Triin Eglit, researcher at the department of internal medicine at the University of Tartu, finds in her PhD thesis that the prevalence of obesity among the Estonian adult population (32 percent) was significantly higher than previously estimated, reports LETA.
The prevalence of obesity, metabolic syndrome and type 2 diabetes has increased considerably in recent decades throughout the world, having a serious impact on health through complications. A population-based cross-sectional study was conducted in three different counties of Estonia. The study population (495 subjects) consisted of randomly selected adults, aged 20–74 years and was representative of the general Estonian population in terms of age and gender.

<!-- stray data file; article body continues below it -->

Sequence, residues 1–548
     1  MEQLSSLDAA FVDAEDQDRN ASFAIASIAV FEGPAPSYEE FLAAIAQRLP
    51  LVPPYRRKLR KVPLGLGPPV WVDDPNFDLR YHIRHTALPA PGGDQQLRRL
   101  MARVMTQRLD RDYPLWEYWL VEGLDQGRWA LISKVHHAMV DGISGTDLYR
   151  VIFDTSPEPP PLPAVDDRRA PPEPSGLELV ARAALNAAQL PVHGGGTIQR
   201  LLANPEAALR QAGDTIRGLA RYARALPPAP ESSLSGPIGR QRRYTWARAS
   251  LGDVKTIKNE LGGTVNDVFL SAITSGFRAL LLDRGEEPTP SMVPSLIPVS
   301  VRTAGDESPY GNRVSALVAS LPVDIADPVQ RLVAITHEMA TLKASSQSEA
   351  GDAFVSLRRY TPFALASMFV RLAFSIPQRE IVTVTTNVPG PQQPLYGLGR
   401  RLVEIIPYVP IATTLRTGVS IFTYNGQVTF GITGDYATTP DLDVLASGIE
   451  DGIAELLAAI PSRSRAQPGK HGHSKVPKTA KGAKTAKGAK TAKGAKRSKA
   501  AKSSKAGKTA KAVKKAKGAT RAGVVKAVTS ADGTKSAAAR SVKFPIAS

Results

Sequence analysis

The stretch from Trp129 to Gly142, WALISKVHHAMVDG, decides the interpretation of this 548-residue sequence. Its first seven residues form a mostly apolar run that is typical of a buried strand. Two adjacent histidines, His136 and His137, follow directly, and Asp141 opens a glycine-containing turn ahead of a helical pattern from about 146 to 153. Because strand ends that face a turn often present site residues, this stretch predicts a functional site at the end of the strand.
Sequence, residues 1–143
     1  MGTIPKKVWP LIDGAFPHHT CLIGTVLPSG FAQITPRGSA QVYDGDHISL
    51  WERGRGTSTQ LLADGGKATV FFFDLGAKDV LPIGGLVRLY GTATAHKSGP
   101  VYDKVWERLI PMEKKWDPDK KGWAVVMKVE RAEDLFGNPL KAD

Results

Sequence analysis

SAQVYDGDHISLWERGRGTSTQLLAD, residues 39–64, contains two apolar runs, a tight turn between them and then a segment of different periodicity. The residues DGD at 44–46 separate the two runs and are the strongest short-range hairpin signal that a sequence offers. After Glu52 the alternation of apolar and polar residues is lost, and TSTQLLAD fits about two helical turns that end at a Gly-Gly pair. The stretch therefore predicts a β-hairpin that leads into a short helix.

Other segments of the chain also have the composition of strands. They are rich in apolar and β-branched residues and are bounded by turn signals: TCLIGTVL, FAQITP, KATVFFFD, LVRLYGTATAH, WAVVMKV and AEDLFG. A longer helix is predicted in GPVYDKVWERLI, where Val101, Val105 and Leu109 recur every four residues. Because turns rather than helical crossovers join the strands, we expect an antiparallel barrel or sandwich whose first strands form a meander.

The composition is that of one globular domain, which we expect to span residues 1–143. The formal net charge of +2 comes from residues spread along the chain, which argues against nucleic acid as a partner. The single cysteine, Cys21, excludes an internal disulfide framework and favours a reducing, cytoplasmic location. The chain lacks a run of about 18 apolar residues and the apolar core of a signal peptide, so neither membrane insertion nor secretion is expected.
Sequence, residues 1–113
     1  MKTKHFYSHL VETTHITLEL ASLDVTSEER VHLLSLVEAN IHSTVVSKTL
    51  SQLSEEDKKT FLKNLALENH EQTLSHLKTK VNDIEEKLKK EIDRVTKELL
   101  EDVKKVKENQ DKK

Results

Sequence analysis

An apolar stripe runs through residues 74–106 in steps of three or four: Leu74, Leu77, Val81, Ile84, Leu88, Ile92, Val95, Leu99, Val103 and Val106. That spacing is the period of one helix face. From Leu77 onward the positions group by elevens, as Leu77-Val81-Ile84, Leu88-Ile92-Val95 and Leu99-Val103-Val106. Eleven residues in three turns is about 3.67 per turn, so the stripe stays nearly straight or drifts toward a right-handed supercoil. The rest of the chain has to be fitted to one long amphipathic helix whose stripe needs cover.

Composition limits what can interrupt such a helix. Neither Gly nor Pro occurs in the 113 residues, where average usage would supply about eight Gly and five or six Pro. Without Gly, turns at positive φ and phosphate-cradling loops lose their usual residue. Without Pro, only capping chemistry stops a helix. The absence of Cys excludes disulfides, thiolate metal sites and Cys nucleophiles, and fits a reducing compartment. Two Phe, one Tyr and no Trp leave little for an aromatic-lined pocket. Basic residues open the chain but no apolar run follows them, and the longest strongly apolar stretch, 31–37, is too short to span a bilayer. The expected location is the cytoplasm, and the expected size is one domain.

"Of the Estonian adult population 20 percent had impaired glucose regulation: the prevalence of impaired fasting glucose, impaired glucose tolerance and diabetes was five, eight and seven percent, respectively. The prevalence of metabolic syndrome was 26 percent. Younger men had a significantly higher prevalence of metabolic syndrome compared with younger women, whereas there were no gender-specific differences in the older age groups," added Eglit.